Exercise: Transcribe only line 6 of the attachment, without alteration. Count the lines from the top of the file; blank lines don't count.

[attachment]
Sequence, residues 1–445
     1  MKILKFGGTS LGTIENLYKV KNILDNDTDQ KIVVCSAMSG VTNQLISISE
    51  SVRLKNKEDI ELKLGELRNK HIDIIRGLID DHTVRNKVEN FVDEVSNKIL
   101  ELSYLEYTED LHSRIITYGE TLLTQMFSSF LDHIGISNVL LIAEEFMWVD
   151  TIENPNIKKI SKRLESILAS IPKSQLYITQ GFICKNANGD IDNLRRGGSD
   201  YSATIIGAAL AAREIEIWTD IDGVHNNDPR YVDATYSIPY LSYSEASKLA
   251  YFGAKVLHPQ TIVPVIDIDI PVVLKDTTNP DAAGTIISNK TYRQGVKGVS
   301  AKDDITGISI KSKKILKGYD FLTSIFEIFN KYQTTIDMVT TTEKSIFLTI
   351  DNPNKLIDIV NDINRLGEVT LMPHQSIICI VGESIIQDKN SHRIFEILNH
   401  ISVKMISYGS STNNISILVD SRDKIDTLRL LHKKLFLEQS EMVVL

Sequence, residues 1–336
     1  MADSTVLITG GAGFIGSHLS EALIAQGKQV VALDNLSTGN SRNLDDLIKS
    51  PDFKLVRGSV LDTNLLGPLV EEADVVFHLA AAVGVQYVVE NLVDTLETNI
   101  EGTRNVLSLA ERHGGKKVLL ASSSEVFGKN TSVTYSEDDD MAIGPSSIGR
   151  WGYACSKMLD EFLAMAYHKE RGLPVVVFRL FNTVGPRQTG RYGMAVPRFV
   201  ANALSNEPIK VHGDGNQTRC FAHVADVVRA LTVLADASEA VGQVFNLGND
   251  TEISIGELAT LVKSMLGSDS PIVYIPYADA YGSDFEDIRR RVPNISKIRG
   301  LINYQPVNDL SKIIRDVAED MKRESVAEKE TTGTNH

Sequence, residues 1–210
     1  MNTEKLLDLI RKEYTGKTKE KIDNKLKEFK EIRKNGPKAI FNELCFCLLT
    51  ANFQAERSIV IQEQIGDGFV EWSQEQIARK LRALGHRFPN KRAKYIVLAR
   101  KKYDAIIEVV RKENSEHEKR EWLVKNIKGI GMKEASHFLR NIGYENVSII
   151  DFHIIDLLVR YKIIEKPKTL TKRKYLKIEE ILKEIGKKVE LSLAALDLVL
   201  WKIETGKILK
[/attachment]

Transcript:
   201  YSATIIGAAL AAREIEIWTD IDGVHNNDPR YVDATYSIPY LSYSEASKLA